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Dennis Rodman‘s career could only end one of two ways. Either he would go out on top in accordance with his status as a five-time NBA champion, or he’d crash and burn in a glorious fashion more akin to his eccentric personality. The latter scenario ultimately won out.

The Worm played his final 12 games with the Dallas Mavericks as part of an unremarkable yet entertaining saga. Despite the short-lived nature of his stint, however, he made sure to criticize just about everyone in the organization before bidding farewell to basketball.

Dennis Rodman’s last two seasons in the NBA brought all sorts of drama

Dennis Rodman cemented his place in NBA history after helping the Chicago Bulls to a three-peat during the 1997-98 season. But while Rodzilla’s tremendous resume guaranteed him a place in Springfield, his final two seasons belong in the Hall of Shame.

Following Michael Jordan’s retirement and trading Scottie Pippen to the Houston Rockets, the Bulls released Rodman days before the start of the lockout-shortened 1998-99 season. He signed with the Los Angeles Lakers about a month later, though he came into a shaky situation.

The Lakers fired former head coach Del Harris just before Rodman arrived and ultimately settled on Kurt Rambis. Rodman struggled to coexist with Kobe Bryant and Shaquille O’Neal, and he lasted just 23 games with the Purple and Gold until LA released him. He did not play another game in the lockout season. Still, Worm’s career had yet to reach its conclusion.

The Mavericks signed Rodman to a one-year deal in February 2000. After 12 games, the relationship came to an end. Dallas hoped that Demolition Man would help them fight for the final playoff spot in the Western Conference, but the Mavs went 3-9 with Rodman on the floor. He never played in the NBA again.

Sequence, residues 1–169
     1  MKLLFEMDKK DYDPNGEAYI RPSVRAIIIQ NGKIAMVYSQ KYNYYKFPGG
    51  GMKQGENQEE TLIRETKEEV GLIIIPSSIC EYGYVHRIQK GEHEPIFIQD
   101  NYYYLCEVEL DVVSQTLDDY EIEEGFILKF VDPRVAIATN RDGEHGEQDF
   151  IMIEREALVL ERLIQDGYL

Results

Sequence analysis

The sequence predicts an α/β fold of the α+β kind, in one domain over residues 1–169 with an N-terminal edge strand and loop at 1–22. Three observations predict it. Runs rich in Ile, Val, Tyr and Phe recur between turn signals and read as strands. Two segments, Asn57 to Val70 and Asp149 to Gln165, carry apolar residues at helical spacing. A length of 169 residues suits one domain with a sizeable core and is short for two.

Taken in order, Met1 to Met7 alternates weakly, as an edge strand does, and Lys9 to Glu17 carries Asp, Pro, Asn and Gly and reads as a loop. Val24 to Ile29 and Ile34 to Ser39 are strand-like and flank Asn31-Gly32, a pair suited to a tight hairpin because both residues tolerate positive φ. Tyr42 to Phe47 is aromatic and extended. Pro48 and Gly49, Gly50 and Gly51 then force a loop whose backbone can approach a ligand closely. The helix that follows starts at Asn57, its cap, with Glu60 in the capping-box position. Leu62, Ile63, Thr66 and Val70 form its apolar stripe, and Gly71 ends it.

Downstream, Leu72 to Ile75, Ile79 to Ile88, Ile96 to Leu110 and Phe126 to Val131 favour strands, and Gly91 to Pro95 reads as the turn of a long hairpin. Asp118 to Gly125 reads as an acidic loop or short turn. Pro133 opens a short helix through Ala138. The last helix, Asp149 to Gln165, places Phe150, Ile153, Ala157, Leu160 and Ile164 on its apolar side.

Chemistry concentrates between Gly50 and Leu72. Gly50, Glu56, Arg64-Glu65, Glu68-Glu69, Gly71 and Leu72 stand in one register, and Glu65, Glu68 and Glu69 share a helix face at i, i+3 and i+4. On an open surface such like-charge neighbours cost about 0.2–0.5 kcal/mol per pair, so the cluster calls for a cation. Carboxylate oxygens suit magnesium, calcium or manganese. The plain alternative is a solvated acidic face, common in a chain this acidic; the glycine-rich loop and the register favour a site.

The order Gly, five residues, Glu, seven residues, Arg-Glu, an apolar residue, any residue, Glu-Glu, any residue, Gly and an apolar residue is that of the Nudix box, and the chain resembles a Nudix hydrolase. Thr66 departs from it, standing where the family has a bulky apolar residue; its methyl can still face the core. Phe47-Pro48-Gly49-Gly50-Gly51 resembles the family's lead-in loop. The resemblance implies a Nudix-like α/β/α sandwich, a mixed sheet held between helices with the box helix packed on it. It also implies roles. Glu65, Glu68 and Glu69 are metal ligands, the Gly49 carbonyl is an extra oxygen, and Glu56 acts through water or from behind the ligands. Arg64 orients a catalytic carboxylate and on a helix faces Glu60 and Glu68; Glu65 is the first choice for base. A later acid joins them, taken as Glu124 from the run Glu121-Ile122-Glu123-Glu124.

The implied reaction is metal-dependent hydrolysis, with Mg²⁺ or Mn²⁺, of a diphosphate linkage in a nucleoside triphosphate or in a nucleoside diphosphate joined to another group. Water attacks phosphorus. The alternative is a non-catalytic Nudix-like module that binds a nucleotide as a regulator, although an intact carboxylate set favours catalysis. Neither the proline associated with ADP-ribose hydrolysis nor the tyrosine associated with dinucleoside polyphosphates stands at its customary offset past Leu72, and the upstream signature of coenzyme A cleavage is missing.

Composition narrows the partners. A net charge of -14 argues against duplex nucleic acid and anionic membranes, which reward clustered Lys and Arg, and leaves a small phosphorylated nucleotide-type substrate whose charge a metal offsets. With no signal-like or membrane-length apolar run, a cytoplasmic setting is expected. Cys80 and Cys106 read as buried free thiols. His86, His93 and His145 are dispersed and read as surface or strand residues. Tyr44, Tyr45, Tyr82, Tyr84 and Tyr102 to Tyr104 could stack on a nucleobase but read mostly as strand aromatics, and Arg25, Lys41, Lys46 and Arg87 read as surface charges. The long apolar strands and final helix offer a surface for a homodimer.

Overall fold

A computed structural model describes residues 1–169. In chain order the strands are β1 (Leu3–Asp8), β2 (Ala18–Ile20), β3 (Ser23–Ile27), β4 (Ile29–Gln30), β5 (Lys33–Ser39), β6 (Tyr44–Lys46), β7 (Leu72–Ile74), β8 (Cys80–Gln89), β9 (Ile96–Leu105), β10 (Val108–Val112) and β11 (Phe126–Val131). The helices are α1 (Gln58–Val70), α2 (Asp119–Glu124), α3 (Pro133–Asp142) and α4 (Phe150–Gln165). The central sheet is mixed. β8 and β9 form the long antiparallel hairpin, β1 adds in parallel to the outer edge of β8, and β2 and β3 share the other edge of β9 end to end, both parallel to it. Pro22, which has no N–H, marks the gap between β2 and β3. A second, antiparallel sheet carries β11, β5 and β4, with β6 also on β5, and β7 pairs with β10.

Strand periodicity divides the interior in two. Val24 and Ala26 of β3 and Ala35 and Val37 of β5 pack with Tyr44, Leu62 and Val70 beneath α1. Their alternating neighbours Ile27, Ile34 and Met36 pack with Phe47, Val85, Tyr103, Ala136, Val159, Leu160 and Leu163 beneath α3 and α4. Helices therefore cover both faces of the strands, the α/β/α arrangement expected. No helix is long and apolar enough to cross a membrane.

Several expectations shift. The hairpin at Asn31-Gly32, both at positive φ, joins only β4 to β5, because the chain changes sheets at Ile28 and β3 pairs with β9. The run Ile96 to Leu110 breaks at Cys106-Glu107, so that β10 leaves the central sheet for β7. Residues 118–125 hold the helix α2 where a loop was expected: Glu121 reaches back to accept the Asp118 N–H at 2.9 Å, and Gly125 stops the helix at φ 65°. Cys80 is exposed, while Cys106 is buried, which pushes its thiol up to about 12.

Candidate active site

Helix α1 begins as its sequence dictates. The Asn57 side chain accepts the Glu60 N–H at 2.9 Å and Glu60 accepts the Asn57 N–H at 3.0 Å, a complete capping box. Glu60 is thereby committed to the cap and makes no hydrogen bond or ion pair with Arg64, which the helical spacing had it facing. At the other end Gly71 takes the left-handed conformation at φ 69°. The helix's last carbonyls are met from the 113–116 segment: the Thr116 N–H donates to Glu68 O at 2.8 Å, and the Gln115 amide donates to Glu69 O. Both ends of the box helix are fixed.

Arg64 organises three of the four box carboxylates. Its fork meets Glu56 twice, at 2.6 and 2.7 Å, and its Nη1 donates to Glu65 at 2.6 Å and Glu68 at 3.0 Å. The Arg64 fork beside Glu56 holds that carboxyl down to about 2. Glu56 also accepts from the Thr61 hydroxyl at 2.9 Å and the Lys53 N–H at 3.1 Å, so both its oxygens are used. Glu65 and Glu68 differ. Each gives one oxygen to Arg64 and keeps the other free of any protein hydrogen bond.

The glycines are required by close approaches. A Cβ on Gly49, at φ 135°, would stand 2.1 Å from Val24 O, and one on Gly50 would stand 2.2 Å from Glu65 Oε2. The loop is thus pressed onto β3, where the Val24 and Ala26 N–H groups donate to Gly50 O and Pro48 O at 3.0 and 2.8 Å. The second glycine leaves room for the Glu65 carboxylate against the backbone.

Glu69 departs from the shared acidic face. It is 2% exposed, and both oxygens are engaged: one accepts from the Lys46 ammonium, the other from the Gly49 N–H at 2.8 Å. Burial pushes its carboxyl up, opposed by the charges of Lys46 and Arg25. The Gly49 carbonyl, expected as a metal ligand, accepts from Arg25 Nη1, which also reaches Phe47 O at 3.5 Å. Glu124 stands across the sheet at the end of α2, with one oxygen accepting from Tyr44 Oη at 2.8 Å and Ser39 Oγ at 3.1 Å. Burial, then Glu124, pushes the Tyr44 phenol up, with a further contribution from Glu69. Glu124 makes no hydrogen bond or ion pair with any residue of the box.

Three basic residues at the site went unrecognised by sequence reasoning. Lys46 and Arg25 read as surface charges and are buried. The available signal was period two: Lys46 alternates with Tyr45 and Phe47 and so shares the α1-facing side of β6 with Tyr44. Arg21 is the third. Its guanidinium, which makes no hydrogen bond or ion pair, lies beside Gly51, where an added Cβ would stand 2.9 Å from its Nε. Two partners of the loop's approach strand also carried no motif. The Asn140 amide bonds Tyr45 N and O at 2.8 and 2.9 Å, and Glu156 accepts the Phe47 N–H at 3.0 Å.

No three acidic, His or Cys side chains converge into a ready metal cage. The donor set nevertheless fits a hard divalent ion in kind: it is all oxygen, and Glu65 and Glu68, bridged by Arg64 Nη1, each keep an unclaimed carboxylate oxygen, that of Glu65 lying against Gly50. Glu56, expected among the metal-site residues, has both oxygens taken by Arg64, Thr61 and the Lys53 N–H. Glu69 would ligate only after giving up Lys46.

Dennis’ career crashed and burned, but he gave the Mavs one final parting shot before hanging up the sneakers.

Rodman ridiculed the entire Mavericks organization

Dennis Rodman argues a call during an NBA game in February 2000
Dennis Rodman argues a call during a game against the Utah Jazz in February 2000 | Paul Buck/AFP via Getty Images

Dennis Rodman did not hold back when asked for his thoughts on the Mavericks.

Mavs legend Dirk Nowitzki recalled (h/t Dallas Morning News) an interview Worm did back in 2000 in which he basically humiliated the entire organization, including Nowitzki. Rodman suggested Dallas needed an entirely new roster and owner — Mark Cuban had only just bought the team — to move forward.

“Well they need a new point guard, a new shooting guard, a new power forward and a new center and a new owner. Other than that, they’re ready to go.”

–Dennis Rodman (2000), via the Dallas Morning News

Bear in mind, at this point in time, the Mavericks had an abundance of talent.

In his age-21 season, Dirk averaged 17.5 points, 6.5 rebounds, and 2.5 assists. Michael Finley made the All-Star team, averaging a team-high 22.6 points to go with 6.3 rebounds and 5.3 assists. Though Steve Nash hadn’t fully blossomed, he showed glimpses of the perennial All-Star he eventually became.

The interview Rodman gave sounded like sour grapes. Dallas couldn’t win with Demolition Man in the lineup, so he saw fit to criticize everyone in the organization.

However, the Mavericks quickly showed their upside in the following seasons.

Dallas realized its winning potential after saying goodbye to The Worm

The Mavericks started winning games immediately after releasing Rodman. They went 15-5 to end the season. The strong finish served as a springboard, as Dallas won 53 games during the 2000-01 campaign and made it all the way to the Western Conference Finals in 2003.

Nowitzki and Cuban had to wait a bit longer before hoisting the Larry O’Brien Trophy. The Mavericks lost to the Miami Heat in the 2006 NBA Finals. They struggled to build upon the success early in the decade in the following seasons, as regular-season success never translated in the playoffs. However, Dirk and Cuban finally got their ring in 2011.

In hindsight, Rodman’s criticisms come as little surprise. The Mavericks had young players and an ambitious owner. Worm never found it easy to appreciate young talent, as evidenced by his nonexistent relationship with Shaq and Kobe and past admonitions of a rookie Allen Iverson.

Still, the Mavericks likely earned at least a little bit of Rodman’s respect given all the success they’ve had under Cuban. Certainly, Nowitzki deserves more praise as one of the greatest forwards in NBA history.

Stats courtesy of Basketball Reference.